He Wrote the Book Which Makes Him… Well… Awesome
“Everyday I Write the Book” by Elvis Costello from the album Punch the Clock
First Week in July, 1983
By 1983, Elvis Costello — once a “new wave” punk who combined anger with Woody Allen glasses — had already turned hopelessly pretentious in all the ways that count. Not that we all didn’t still dig him, but we had to dig him while knowing that he knew that he was incredibly talented, a regular pop song Shakespeare worthy of comparison to Paul McCartney, Cole Porter, and several of the lesser Bachs. God, you wanted to just smack the guy, except the music was really great. “Everyday I Write the Book” was Elvis’s first Top 40 U.S. hit in a while, and it combined two vintage Costello obsessions: hot women who betray him and his general awesome-osity.
Here Elvis is a grand novelist of some kind, “a man with a mission in two or three editions.” In his creepy way, he lords his artistic prowess over this lady, endlessly noting that their relationship is little more than source material for him. He’s the man: “Even in a perfect world where everyone was equal / I’d still own the film rights and be working on the sequel.” She, of course, is a cutting slut: “Don’t tell me you don’t know what love is / When you’re old enough to know better / When you find strange hands in your sweater.” Then: “You said you’d stand by me in the middle of Chapter Three / But you were up to your old tricks in Chapters Four, Five and Six.” Well, at least he doesn’t shoot her like in “Allison.”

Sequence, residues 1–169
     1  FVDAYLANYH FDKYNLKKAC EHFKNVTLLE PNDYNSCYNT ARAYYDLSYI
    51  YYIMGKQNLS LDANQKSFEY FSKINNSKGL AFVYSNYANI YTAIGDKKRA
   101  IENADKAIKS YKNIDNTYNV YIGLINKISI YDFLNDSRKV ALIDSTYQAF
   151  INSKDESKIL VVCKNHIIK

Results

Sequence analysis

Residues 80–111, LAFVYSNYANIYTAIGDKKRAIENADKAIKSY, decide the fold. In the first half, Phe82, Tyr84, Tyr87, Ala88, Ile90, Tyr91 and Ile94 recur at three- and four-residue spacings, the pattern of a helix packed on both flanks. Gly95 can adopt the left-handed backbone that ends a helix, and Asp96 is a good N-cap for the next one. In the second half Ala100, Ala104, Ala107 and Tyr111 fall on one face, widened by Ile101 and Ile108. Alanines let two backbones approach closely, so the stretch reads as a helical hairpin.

Musically, Elvis is cunningly over-produced here with his usual snappy power-pop (punching basslines, hooks a-plenty) decked out with a bevy of Raylette-esque gospel background singers, some hideously reverb-happy keyboards that jump from the left channel to right channel of your stereo like they were a pair of knockers at a burlesque show, plus this odd, brittle digital clavinet riff that just won’t leave your head. The song’s production sheen really hasn’t aged that well but, like the fashion choices evident in the John Cusack movie Say Anything, you excuse them because (a) the basic craft on display is fabulous, and (b) the way you felt about this piece of art when you were a teenager is just not going to allow you to seriously criticize it.
That said, you probably should at least wag your finger in this tune’s general direction. Lazy Elvis, trying to — “everyday, … everyday” — write himself a hit song, just reshuffled his pop-song-deck and you lapped it up. (Punch the Clock, indeed.) Shame on you for not saying shame on him. But: why isn’t there anything this good on the radio right now?
Best Moment: The out-chorus starting at 2:58, with the keyboard figure, several overdubbed versions of the Raylettes, Elvis on lead (including his howling hound dog bit toward the end) and the whole band, all gloriously overlapped, just bopping their way through the fade.